The debate over comprehensive tax reform and the implications of such reform on the tax credit program have been a long simmering issue in the affordable housing community. A flurry of reports on debt reduction over the past year and the debt-ceiling debate that followed have contributed to a fiscal and political environment that put many in the industry on watch. So, with all of the attention this issue has been getting, what are the odds the low income housing tax credit is in any real danger from super-committee action? According to several industry experts, the answer appears to be low.
For starters, one of the committee’s co-chairs, Patty Murray (D – WA) is a staunch ally of affordable housing causes. “Patty Murray is very supportive of housing”, said Colleen Fisher, Executive Director of the Council on Affordable and Rural Housing. “John Kerry also has a very good track record… in general, amongst all members of the committee, there appears to be support on the tax credit side of things”.
Peter Lawrence, Senior Director of Public Policy & Government Affairs for Enterprise Community Partners, echoed Colleen’s sentiments, “Patty Murray has been a long standing champion of affordable housing and huge advocate for housing and community development.” He also mentioned Senator Kerry (D – MA) and Representative van Holland (D –MD) and Baccera (D – CA) as allies of the affordable housing cause.
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Part I in a series that will examine the congressional super committee and the Low Income Housing Tax Credit program
At several points during the debate over raising the debt ceiling, Washington appeared to be headed towards a “grand compromise”. Such a deal would have mixed broad ranging cuts, including cuts to entitlement programs, with revenue-increasing tax reform. While tax reform is certainly not a novel policy proposal, it is one that has gained traction in recent months as politicians and policy-wonks alike have searched for solutions to the country’s mounting debt-crisis. It is also a policy proposal that has drawn the attention of the affordable housing industry, as industry advocates fret over the future of the Low Income Housing Tax Credit in a world without tax-loopholes. The debt-deal that eventually emerged could hardly be labeled grand, but the possibility for a “grand bargain” including tax-reform remains alive, with responsibility for a deal shifted to the so-called “super committee”.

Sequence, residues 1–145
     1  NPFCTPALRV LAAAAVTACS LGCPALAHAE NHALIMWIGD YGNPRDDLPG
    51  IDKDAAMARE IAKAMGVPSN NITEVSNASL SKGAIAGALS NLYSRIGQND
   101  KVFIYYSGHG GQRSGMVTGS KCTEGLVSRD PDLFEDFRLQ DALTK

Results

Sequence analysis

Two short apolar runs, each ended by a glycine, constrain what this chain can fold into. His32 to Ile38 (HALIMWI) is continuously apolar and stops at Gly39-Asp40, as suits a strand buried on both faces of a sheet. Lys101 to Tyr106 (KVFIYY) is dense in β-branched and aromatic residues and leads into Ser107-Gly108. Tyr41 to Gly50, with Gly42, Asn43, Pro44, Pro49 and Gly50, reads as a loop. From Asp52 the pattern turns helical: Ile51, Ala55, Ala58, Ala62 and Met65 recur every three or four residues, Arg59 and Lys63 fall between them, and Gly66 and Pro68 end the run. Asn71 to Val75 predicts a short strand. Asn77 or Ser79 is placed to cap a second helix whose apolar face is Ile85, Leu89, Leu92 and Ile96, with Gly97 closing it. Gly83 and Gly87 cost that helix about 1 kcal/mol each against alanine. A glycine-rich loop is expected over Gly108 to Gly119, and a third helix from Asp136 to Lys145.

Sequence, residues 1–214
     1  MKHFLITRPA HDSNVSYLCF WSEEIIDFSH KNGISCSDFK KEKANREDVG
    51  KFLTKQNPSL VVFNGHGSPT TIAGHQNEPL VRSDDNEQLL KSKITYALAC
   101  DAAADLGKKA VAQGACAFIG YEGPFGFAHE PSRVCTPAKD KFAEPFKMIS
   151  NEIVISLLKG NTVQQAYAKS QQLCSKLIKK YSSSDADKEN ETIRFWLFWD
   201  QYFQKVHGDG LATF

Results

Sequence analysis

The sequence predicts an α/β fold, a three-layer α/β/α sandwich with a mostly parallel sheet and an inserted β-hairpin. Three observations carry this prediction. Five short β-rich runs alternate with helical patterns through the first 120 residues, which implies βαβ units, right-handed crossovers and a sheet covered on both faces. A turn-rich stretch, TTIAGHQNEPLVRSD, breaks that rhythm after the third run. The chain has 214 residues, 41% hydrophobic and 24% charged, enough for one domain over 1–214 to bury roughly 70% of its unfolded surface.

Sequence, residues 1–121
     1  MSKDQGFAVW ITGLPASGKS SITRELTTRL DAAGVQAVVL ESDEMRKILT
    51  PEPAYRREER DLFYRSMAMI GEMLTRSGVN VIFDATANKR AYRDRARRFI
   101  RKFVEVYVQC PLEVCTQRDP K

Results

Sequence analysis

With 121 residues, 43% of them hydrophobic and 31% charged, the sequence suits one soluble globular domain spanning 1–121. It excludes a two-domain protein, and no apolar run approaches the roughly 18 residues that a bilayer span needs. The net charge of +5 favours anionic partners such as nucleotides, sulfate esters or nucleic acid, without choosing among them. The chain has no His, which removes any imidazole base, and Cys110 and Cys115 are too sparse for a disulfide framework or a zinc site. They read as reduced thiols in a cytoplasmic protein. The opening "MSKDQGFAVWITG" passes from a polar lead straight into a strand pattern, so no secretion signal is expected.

The call for tax-reform has been mounting for months. In November of 2010, the Bipartisan Policy Center’s Debt Reduction Task Force released a report that suggested, “An end to almost all tax expenditures to offset the costs of the much lower tax rates”. The President’s Economics Recovery Advisory Board released a report in August 2010 which called for, “Eliminating specific expenditures [to] improve efficiency while simplifying the tax code”, and perhaps most notable of the slew of reports, The National Commission on Fiscal Responsibility and Reform (more commonly referred to as the Bowles-Simpson report) called for a comprehensive tax reform that would, “Sharply reduce rates, broaden the base, simplify the tax code, and reduce the deficit by reducing the many ‘tax expenditures’—another name for spending through the tax code.” [click to continue…]